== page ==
Some 120 American soldiers are on the ground inside Somalia, a deployment that has been ongoing since 2007 but was never publicly announced, US officials admitted this week in statements to Reuters news agency.
The Pentagon had publicized a small deployment of advisers to Somalia in October of 2013, but the presence of the larger force—there since 2007—was still being kept secret. In January 2014, US Africa Command (AFRICOM) admitted the presence of US troops in the country but claimed the number was lower than five. BBC international correspondent Mark Doyle wrote in an article this week that he personally saw heavily armed and “clearly operational” US troops during a recent visit to Somalia.
Reuters made the US presence public, not as the result of investigative journalism or a leak from someone critical of the secret, illegal US military deployment, but in the wake of a speech by a US government official, Wendy Sherman, under secretary of state for political affairs. She publicly declared that a “small contingent of US military personnel” including special operations forces had been present in parts of Somalia for several years. The news agency then contacted other US officials to get the actual number of troops involved.
The episode sheds light on the role of the American media. None of the television networks have reported the direct involvement of US forces in Somalia. Newspapers like the New York Times and the Washington Post have repeatedly sent correspondents to Somalia over the past seven years without ever reporting the presence of a significance force of US military personnel. The Post actually published an extensive profile of US military operations in Africa, largely involving Special Forces, that made no mention of the Somalia force.
The deployment of a significant number of “trainers” and “advisers,” that is, of Special Forces soldiers, for years on end and without any form of public disclosure, raises ominous questions. What other secret deployments has Washington ordered during the past decade? How many new secret wars will the president and his top appointees decide to launch during the next year?
Bourgeois democracy in the US is being supplanted by an emerging totalitarianism based on unlimited executive power. Deployments are made in secret and revealed to the public years after the fact. The executive branch claims for itself and exercises the right to deploy military and intelligence forces anywhere on the planet, admitting no check on this authority.
Statements make clear that Washington is preparing to deepen its military engagement in Somalia, using the pretext of combating the “terrorist” group al Shabaab, a militia that developed out of the youth wing of the Islamic Courts Union (ICU) and commands an estimated 4,000-7,000 fighters. In October, US Special Forces mounted a raid against the al Shabaab stronghold city of Barawe.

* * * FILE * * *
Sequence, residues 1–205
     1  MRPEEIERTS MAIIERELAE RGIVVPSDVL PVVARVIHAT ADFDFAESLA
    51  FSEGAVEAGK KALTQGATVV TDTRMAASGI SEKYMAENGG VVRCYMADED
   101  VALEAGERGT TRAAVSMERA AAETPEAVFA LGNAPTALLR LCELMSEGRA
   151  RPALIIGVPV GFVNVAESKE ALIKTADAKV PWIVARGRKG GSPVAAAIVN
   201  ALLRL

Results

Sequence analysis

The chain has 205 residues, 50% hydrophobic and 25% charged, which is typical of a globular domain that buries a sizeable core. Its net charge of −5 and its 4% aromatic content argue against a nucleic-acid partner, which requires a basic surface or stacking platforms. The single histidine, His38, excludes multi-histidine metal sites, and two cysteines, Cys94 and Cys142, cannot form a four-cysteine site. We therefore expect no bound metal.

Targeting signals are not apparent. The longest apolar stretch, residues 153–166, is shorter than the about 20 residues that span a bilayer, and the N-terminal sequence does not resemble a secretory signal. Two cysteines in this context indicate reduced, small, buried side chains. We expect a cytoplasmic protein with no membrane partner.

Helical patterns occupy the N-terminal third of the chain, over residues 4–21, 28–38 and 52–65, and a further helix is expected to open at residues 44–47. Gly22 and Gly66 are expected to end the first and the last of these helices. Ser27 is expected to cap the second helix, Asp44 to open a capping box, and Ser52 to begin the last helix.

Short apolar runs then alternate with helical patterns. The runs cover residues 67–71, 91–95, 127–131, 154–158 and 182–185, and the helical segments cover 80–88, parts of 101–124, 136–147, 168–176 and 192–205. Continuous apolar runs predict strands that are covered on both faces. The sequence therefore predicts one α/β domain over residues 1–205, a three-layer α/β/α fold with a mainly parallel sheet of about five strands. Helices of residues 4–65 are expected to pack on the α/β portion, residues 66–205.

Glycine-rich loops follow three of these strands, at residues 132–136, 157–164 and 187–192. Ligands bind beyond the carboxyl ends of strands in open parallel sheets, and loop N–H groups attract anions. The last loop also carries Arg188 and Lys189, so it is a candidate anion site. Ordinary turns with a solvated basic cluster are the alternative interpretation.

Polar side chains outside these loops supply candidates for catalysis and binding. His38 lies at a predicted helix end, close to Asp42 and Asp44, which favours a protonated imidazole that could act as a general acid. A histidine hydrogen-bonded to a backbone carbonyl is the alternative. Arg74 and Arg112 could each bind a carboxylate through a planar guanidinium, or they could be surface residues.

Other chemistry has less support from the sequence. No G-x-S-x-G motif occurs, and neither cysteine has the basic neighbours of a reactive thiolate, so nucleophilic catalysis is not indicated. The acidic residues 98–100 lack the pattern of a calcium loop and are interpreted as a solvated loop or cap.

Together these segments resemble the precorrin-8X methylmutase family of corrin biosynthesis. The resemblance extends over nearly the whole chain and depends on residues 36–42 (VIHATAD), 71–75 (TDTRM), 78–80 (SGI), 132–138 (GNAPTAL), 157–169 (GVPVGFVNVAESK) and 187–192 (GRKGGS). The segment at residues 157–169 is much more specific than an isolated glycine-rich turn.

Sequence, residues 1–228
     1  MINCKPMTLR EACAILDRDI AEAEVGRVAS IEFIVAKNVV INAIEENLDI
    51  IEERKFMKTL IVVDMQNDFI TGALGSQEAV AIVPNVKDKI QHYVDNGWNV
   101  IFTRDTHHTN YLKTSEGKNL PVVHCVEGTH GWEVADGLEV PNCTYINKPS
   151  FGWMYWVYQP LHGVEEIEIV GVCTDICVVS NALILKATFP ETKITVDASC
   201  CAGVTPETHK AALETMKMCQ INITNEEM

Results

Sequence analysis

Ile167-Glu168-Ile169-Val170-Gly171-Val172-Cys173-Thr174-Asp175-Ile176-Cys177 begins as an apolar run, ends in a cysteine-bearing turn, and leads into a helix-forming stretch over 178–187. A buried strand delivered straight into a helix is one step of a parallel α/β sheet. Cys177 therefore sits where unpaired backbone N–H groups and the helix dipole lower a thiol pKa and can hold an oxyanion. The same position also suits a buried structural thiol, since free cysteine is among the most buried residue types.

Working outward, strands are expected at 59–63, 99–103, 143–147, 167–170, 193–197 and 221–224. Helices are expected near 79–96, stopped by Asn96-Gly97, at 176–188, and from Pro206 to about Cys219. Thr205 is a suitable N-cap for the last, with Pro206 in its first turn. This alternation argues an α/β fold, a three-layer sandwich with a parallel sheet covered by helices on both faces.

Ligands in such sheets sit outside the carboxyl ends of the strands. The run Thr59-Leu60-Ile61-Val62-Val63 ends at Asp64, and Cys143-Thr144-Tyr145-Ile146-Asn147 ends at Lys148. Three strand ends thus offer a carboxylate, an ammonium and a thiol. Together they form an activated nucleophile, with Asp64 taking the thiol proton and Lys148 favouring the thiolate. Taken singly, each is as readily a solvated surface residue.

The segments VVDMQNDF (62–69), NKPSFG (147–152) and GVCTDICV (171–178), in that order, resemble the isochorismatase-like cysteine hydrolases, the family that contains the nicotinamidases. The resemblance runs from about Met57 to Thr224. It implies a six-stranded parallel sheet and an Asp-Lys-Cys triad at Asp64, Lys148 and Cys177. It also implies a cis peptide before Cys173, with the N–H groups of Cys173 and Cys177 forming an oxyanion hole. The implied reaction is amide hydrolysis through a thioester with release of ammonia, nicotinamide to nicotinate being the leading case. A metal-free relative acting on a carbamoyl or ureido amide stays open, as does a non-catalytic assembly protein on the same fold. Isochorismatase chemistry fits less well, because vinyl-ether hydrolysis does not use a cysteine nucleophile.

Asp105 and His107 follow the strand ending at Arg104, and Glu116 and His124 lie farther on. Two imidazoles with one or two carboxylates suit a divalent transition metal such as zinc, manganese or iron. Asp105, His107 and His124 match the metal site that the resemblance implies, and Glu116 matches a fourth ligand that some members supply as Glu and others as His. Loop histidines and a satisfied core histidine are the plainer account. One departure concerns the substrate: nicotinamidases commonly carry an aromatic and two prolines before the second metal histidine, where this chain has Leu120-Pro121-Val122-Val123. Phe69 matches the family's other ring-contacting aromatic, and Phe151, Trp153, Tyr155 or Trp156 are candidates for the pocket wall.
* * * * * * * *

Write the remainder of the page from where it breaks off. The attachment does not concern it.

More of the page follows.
Speaking to Reuters, the US officials said the American military is preparing for increased engagement with the Somali National Army (SNA), which has already benefited from at least $170 million in US military aid. “What you’ll see with this upcoming fiscal year is the beginning of engagement with the SNA proper,” according to an unnamed US defense official. US forces are already involved in training and equipping armies from Uganda and Burundi affiliated with AMISOM, the African Union’s military mission in Somalia.
US imperialism is determined to politically dominate Somalia, a strategically crucial country in the Horn of Africa, as part of its drive to return the entire continent to a state of naked colonial submission before the Western powers. Somalia sits adjacent to some of the most critical sea-lanes on the planet, with huge quantities of oil sailing past everyday.
The US has established a new Central Intelligence Agency (CIA) base in the capital, Mogadishu, according to reports. The US has also announced it will appoint an ambassador to Somalia for the first time since 1993, though for security reasons he will not reside inside Somali boarders.
Forces from the European Union (EU) are also currently present in Somalia and involved in training local armies.
While the imperialist powers blame al Shabaab for the catastrophic situation in Somalia, the US and its regional allies have reduced the country to rubble over a protracted period of interventions. Al Shabaab’s parent organization, the ICU, came to power amidst the social chaos that developed after the 1991 US withdrawal of its support for the Siad Barre regime, which it had backed since the 1970s.
In 1993, the US deployed 30,000 troops to Somalia on the pretext of delivering food assistance, killing hundreds of Somalis before withdrawing after the disastrous Battle of Mogadishu. Then, in 2006, the US backed an Ethiopian-led invasion of the country, producing a war between the Transitional Federal Government (TFG) and the ICU that killed at least 16,700 civilians and displaced 1.9 million more.